Akihiro Miwa

Akihiro Miwa

Japanese singer, actor, director, composer and writer
Date of Birth: 15.05.1935
Country: Japan

Content:
  1. Biography of Akihiro Miwa
  2. Early Life and Influences
  3. Career in Music and Theater
  4. Acting Career

Biography of Akihiro Miwa

Akihiro Maruyama, better known by his stage name Akihiro Miwa, was born on May 15, 1935 in Nagasaki, Japan. He was a Japanese singer, actor, director, composer, and writer. Miwa has written over 20 books, and he writes most of the compositions he performs. He stands out from other show business figures with his stance on social issues and wars, as he experienced the atomic bomb explosion in Nagasaki during his childhood. He openly expresses his opinions about government actions during his concerts. Miwa is openly gay and a transvestite, and his naturally feminine appearance, along with his bright yellow hair, only adds to his popularity.

Akihiro Miwa

Early Life and Influences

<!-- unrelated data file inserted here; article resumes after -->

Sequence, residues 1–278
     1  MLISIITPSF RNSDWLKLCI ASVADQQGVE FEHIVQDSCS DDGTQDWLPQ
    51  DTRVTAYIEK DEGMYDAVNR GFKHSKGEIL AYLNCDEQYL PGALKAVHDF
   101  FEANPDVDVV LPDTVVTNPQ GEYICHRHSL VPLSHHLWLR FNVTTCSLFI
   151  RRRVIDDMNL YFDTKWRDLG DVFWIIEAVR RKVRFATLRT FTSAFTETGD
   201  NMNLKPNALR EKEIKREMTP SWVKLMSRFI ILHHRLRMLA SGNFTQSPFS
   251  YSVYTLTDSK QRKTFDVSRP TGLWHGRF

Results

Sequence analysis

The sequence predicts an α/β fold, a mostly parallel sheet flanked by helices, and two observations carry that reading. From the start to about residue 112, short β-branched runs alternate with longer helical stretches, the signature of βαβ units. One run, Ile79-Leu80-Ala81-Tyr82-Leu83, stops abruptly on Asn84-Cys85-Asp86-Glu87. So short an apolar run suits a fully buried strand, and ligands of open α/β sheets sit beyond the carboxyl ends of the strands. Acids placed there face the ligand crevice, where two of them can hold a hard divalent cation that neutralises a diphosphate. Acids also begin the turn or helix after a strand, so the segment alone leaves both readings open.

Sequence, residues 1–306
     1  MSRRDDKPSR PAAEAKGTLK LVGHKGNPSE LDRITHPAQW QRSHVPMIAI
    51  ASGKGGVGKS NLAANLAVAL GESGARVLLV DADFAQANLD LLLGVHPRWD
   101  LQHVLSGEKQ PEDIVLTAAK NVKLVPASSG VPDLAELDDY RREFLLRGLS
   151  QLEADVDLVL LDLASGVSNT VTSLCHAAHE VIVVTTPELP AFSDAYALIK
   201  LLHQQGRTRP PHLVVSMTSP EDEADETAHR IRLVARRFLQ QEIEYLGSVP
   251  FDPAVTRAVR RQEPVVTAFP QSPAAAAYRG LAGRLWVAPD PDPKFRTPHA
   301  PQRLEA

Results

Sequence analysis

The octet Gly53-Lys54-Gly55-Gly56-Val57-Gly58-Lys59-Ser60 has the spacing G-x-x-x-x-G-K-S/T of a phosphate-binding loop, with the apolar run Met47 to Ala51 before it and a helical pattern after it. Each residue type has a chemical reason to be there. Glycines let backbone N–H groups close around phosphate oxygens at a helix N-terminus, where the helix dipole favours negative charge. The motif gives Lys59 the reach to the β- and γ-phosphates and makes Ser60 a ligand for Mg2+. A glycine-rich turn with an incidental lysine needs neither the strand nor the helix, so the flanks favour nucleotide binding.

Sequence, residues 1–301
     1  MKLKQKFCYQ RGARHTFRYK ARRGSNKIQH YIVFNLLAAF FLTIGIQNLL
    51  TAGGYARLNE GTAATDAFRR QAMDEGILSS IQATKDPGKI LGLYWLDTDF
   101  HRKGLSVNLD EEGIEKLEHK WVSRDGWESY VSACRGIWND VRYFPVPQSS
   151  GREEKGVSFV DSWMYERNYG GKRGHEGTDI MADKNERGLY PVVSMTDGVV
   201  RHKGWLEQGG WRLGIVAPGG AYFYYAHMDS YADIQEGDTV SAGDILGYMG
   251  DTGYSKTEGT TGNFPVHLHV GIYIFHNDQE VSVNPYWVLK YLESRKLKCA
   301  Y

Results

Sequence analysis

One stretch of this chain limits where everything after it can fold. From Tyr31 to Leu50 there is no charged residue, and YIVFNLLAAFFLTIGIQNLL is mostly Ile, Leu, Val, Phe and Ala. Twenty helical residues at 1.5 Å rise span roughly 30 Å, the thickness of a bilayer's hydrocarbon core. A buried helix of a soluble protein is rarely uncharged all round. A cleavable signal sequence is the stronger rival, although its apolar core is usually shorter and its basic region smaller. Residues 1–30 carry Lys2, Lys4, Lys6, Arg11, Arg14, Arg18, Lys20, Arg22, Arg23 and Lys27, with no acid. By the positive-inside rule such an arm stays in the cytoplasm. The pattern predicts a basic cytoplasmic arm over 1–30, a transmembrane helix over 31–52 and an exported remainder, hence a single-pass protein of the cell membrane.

Miwa's parents owned a cafe, a traditional Japanese restaurant, and public baths in the red-light district. Nearby were a theater and a record store, and from a young age, Miwa began visiting the theater and listening to a wide variety of music in the record store. The antique shop across the road sold examples of visual arts from all over the world, which sparked his interest in painting, and for a while, he considered becoming an artist. When Miwa was only 10 years old, Nagasaki was hit by an atomic bomb. Many of his friends and acquaintances died, and although he did not suffer from physical radiation effects, he experienced anemia and other health issues for a long time. He witnessed hell and began to see things differently. Surviving death made him unafraid to live as freely as possible. Miwa lost his mother when he was only two years old, and later, the bomb confirmed the transience of life. He understood the true essence of war: "The word 'war' is a beautiful euphemism used to justify mass murder and destruction. We don't need euphemisms. We shouldn't say 'World War I'; we should call it the 'First World Mass Murder.' We should replace the word 'soldier' with 'killer' and call 'weapons' 'instruments of murder.' Why is it that when an individual uses a weapon, it's called an 'instrument of murder,' but when a country uses it, it's called 'defensive weaponry'? It's ridiculous. And if we don't stop using euphemisms, then we ourselves are part of the conspiracy."